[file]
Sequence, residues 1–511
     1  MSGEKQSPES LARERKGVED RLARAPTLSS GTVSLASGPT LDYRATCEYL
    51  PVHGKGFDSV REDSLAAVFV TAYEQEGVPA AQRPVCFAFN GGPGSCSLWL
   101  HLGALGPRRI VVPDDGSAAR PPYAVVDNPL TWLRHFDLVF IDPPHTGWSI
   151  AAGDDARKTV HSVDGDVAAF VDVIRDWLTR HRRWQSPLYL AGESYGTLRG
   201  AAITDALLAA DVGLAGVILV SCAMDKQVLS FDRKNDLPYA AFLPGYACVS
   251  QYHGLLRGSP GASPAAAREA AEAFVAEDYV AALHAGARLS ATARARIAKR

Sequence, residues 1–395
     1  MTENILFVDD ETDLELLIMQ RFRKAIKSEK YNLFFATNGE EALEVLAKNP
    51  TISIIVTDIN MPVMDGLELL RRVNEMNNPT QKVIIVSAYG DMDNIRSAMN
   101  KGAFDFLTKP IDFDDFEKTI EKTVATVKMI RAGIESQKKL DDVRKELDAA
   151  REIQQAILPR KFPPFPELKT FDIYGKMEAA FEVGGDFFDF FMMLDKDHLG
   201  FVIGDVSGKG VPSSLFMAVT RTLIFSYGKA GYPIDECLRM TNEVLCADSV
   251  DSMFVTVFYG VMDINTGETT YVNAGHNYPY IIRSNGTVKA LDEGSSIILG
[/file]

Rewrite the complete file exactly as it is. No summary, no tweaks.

Sequence, residues 1–511
     1  MSGEKQSPES LARERKGVED RLARAPTLSS GTVSLASGPT LDYRATCEYL
    51  PVHGKGFDSV REDSLAAVFV TAYEQEGVPA AQRPVCFAFN GGPGSCSLWL
   101  HLGALGPRRI VVPDDGSAAR PPYAVVDNPL TWLRHFDLVF IDPPHTGWSI
   151  AAGDDARKTV HSVDGDVAAF VDVIRDWLTR HRRWQSPLYL AGESYGTLRG
   201  AAITDALLAA DVGLAGVILV SCAMDKQVLS FDRKNDLPYA AFLPGYACVS
   251  QYHGLLRGSP GASPAAAREA AEAFVAEDYV AALHAGARLS ATARARIAKR

Sequence, residues 1–395
     1  MTENILFVDD ETDLELLIMQ RFRKAIKSEK YNLFFATNGE EALEVLAKNP
    51  TISIIVTDIN MPVMDGLELL RRVNEMNNPT QKVIIVSAYG DMDNIRSAMN
   101  KGAFDFLTKP IDFDDFEKTI EKTVATVKMI RAGIESQKKL DDVRKELDAA
   151  REIQQAILPR KFPPFPELKT FDIYGKMEAA FEVGGDFFDF FMMLDKDHLG
   201  FVIGDVSGKG VPSSLFMAVT RTLIFSYGKA GYPIDECLRM TNEVLCADSV
   251  DSMFVTVFYG VMDINTGETT YVNAGHNYPY IIRSNGTVKA LDEGSSIILG